Church Announcements: 7 Do’s and Dont’s

Church Announcements: 7 Do’s and Dont’s

“We are the hands and feet of Jesus; the bearers of Good News; and vessels filled with the Holy Spirit. With all that in mind, it’s pretty much impossible to make a drab or needy announcement.”



And Now for a Few Announcements…
Just about every church I know of has announcements, either printed in the bulletin, or spoken during the worship service. These days, many announcements also appear in online newsletters, emails, and Facebook. A well-crafted and clearly stated announcement invites people into the work of God; while a poorly-crafted announcement can be confusing or off-putting. Here are seven guidelines and tips for making great announcements, either written or spoken.


1. Take Your Time
Take time to craft your announcement. For a written notice, write it, take a break and then re-read it for tone and clarity. Or show it to another person and ask, “Does this say what I want it to say?” or “If you read this announcement, would you know what it was about and how you could be involved?”

2. Avoid “Needy” Language
It’s amazing how many announcements contain the word “need.” It’s quick and easy: “We need five volunteers for X,” or “We need supplies for Y.” So what’s the problem? The problem is that the word need is a real downer. It’s about filling a slot, checking a box, or getting a warm body in a certain place and time.

When we make announcements with the word need, we’re essentially saying, “We don’t care who does this, the program is the important part, and we just want you to help us pull it off.” To be fair, sometimes large events really do need people to fill slots in order to pull them off. But even with these announcements, let’s drop the need language. Focus instead on the people we are inviting into ministry.

3. Use Invitation Language Instead
You can create an entirely different tone by shifting from need to invitation. Consider the following examples:

Each month, a group of volunteers from our church provides dinner at Hope Shelter. This is your chance to serve and give back! To claim your opportunity, contact…

The school supplies drive is on! You can support our local students by bringing in new supplies to the church office. For more information, contact…

Ready to go deeper into Scripture? A new Bible Study begins next Wednesday evening. You are invited. The class will meet at…. Contact….


4. Make it Personal
Many announcements end with “All are welcome.” (Believe me, I’ve written my fair share of these announcements.) On closer inspection, this nice-sounding sentence is ultimately un-enticing, and totally uninformative. We can do better!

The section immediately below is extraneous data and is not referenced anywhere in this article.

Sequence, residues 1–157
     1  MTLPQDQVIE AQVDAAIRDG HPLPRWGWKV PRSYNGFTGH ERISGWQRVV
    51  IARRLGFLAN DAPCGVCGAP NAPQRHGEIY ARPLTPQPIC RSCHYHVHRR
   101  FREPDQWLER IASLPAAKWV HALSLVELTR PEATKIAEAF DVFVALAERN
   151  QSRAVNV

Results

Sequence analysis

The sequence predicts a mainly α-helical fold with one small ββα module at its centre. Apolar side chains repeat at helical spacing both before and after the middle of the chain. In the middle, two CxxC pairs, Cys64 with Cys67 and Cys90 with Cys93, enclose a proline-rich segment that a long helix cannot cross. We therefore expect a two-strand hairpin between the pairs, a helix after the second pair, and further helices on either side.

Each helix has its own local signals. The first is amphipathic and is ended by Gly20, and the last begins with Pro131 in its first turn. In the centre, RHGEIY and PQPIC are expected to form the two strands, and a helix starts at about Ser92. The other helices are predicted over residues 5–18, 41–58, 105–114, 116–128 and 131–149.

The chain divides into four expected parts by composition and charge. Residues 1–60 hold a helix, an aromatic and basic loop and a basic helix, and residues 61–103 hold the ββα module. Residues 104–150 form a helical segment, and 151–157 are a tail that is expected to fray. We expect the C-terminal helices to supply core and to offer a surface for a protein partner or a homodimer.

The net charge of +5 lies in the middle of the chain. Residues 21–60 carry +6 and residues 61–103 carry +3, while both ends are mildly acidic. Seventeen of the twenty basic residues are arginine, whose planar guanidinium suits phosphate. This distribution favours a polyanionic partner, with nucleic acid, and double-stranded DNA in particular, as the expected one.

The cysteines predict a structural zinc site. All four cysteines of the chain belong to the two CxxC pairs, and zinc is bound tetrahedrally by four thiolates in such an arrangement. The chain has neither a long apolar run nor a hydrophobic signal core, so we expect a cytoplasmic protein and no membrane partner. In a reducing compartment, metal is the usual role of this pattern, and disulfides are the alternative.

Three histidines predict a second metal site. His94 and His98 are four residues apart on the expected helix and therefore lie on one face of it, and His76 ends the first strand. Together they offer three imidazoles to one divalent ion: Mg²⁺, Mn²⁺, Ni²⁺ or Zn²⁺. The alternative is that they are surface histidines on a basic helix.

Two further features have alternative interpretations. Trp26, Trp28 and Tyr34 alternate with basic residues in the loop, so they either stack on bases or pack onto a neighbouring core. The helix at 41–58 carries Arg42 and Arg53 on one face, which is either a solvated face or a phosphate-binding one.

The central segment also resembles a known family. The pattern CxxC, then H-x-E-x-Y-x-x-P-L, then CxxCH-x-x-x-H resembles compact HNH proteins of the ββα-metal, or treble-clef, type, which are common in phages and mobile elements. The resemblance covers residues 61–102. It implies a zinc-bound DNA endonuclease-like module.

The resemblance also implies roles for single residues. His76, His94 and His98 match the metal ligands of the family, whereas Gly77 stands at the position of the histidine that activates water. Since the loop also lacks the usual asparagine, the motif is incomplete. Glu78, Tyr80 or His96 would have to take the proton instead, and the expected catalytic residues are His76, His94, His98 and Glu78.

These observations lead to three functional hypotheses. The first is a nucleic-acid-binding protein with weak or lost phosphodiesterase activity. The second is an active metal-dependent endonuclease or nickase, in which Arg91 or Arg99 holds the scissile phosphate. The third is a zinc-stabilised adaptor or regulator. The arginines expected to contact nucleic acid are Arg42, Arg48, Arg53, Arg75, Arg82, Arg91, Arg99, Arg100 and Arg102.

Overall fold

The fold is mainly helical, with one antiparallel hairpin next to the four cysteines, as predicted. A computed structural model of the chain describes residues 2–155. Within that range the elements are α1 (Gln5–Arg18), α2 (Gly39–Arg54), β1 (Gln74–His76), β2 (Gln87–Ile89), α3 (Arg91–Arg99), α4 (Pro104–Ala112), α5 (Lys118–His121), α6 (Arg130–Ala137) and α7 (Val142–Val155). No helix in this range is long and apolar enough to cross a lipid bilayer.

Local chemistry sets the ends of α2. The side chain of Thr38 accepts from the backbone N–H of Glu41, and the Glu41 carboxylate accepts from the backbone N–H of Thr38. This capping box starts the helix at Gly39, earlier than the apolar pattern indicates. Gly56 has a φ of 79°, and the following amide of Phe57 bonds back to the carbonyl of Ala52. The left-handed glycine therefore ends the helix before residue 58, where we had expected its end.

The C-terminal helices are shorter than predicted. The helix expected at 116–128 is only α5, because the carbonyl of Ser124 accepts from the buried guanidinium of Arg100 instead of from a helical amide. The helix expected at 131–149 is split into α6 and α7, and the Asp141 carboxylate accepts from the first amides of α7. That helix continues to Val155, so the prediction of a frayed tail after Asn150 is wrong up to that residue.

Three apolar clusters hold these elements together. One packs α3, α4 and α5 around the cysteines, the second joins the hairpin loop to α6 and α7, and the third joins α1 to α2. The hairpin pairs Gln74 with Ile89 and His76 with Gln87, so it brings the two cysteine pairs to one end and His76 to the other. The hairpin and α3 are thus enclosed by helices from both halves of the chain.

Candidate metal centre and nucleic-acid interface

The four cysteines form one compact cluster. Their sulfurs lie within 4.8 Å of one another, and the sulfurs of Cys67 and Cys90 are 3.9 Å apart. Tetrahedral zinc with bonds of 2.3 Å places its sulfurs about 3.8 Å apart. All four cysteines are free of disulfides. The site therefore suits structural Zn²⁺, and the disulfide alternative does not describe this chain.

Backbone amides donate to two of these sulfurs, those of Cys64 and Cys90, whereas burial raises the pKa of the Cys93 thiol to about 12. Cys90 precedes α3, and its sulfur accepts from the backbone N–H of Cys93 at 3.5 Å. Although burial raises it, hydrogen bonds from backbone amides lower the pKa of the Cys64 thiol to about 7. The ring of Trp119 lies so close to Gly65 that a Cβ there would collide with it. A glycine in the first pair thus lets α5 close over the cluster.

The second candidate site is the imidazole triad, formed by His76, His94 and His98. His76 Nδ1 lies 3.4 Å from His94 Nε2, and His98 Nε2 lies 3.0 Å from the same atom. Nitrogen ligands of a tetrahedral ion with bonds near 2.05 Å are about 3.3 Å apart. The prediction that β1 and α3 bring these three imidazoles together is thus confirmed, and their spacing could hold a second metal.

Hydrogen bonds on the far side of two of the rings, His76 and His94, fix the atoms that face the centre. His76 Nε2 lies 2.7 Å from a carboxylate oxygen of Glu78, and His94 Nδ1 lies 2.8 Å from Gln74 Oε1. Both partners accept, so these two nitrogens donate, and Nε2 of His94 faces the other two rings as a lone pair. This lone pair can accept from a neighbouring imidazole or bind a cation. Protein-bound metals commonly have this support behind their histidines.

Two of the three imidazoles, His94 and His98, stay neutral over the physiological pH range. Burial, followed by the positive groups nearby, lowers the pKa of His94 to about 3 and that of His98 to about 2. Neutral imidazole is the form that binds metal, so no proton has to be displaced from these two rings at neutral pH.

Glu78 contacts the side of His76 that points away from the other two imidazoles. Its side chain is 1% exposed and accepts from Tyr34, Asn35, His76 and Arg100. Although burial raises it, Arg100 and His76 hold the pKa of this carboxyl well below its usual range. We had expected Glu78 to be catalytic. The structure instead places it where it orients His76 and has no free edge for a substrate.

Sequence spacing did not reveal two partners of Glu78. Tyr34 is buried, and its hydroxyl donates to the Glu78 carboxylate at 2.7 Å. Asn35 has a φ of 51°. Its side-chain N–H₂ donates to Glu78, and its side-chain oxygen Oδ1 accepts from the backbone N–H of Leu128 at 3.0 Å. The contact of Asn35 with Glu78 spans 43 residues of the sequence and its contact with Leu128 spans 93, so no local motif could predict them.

If you want to be friendly and personal, say “Please join us,” or “You’re invited.” If you want to emphasize that an event is open, say “We invite you to attend and bring guests or friends.” If you want to be intentional about inviting all types of people, say something like, “We welcome children, youth, and adults to this event,” or “Whether you are brand new to this church or have been attending for years, we warmly welcome you to attend.”

5. Give Helpful Contact Info
The sample announcements above obviously don’t include contact information, but your announcements will. Make sure this contact information is friendly, detailed, and offers at least two options. Here’s what not to do:

The Outreach Group meets at 10 a.m. every Wednesday. For more information, contact Pat Baker.

There are many things wrong with this hypothetical announcement, but let’s focus on the contact portion. How is anyone supposed to know who Pat Baker is, or how to contact this person? By giving such vague contact information, we create an “insider” atmosphere, which is very discouraging for newer, or less involved members. Much better would be the following:

For more information, contact Pat Baker, our outreach chairperson at 703-555-1234; or Or call the church office.


6. Celebrate!
Announcements about ministry should make us feel excited and hopeful – after all, this is the work of God! Consider giving good news as part of the announcement, or celebrate accomplishments and success stories. (Just be sure to keep it short.) For example:

The annual spring clean-up is coming up. Last year over 50 people came out and did over 300 hours of labor, making our church grounds beautiful! This year, we hope everyone can join in this fun and gratifying day. Mark your calendars for… For more information, contact…


7. Spoken Announcement Tips
All of the above rules apply to spoken announcements as well – although you probably wouldn’t give your phone number in a spoken announcement. Of course, all churches have different customs and guidelines around spoken announcements, and it can often be a touchy subject…

The best general advice is to write out your announcement on paper, even if you don’t end up looking at the paper while you speak. Writing out the announcement will help you stay on message, keep it short, and include all the necessary information. Be upbeat. Be excited about inviting other people to make a difference. Remember that we are the hands and feet of Jesus; the bearers of Good News; and vessels filled with the Holy Spirit. With all that in mind, it’s pretty much impossible to make a drab or needy announcement – you’re going to do great!


Matthew Kozlowski manages, edits, and writes for Building Faith. He lives in Alexandria, Virginia with his wife Danielle and two young daughters. Throughout his career he has been a teacher, camp counselor, school chaplain, camp chaplain, Sunday school teacher, parish priest, and Alpha course coordinator.

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